I finished the design of the laser harp hardware this weekend, and made some good improvements from my first pass design, but even so it is still way too complicated. Because I wanted to allow for a goodly amount of I/O, I needed a way to expand the ports available to the PIC, so I built my design around these fancy I2C-based port expanders that I got a long time ago as samples. This is all well and good, and they are neat because they end up being bidirectional (so any of the pins can be outputs as well as inputs), but its really overkill for this project. Later on, I found two similar projects that had much simpler designs- one used a keyboard matrix for the inputs so that no bus expanders would be needed, and the other just uses some latches to drive a string of outputs off of a parallel bus. I view my design as superior to the matrix one because it should be more immune to random problems with inputs, however the parallel bus design is most certainly a better design (see http://www.members.aol.com/decomidi/index_english.htm.) The program code is less complex and the hardware is cheaper, and it only requires a 1-sided PCB. Of course, that design can only do outputs, but similar chips should be available to make them inputs (I am thinking of tristate buffers.)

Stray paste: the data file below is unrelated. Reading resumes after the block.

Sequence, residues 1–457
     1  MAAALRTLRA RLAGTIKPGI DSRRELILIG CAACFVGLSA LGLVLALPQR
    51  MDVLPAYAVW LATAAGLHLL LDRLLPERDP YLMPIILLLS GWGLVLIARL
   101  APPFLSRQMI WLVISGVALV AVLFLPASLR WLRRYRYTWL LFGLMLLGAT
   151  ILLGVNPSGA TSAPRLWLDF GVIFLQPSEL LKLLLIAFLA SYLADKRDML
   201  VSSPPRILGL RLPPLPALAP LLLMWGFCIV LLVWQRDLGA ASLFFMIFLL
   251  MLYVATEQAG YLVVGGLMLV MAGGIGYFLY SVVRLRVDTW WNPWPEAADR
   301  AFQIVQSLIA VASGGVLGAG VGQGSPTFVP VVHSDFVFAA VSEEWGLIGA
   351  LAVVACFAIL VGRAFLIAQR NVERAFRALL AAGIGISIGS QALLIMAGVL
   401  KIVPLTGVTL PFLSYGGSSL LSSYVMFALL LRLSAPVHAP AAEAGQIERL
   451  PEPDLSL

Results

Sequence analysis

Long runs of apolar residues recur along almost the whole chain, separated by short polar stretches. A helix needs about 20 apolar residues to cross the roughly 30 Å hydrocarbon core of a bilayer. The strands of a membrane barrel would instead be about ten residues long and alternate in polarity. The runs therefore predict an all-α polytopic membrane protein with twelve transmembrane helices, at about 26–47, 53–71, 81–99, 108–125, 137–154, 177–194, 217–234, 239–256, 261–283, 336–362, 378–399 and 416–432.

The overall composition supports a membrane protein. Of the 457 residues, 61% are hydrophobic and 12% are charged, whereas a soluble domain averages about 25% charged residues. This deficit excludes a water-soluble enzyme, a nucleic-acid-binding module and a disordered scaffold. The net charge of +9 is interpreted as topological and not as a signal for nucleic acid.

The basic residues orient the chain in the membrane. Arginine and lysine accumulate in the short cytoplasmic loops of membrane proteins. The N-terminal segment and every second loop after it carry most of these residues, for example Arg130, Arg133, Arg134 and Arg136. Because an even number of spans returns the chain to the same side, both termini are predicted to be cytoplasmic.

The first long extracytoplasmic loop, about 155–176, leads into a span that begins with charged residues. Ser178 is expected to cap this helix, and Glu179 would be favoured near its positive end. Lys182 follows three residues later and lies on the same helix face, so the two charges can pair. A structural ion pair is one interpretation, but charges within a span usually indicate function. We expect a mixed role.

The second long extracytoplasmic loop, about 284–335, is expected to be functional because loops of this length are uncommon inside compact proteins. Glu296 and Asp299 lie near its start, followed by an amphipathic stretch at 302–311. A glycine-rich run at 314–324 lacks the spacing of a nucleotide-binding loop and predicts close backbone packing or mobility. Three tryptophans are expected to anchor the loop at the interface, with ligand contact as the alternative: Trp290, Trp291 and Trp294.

Anyway, since I finished the design and I have most of the parts on hand already, I decided to go ahead and build it. If I need to make any more (after the three boards that came in the order), I will strongly consider redesigning it with a parallel bus, or at least with 16-bit I2C buffer chips instead of the 8-bit ones I am using. I’ll put up a full project instructions soon, but here is a screen shot of the board design:
PS if you want of these, I ordered 1 extra PCB (minimum order size) and enough extra parts for a third board, and I will sell a kit at cost +a small fee for handling. Should be somewhere around $60 for the electronics.